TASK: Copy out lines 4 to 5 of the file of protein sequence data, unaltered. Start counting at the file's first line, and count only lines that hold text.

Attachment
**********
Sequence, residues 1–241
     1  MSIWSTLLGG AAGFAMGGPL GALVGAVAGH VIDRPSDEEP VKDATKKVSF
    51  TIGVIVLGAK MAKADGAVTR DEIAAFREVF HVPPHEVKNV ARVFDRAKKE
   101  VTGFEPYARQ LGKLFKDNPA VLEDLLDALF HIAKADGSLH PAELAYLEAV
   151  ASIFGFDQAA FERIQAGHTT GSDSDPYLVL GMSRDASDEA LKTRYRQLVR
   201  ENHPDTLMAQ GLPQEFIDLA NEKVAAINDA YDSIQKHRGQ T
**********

   101  VTGFEPYARQ LGKLFKDNPA VLEDLLDALF HIAKADGSLH PAELAYLEAV
   151  ASIFGFDQAA FERIQAGHTT GSDSDPYLVL GMSRDASDEA LKTRYRQLVR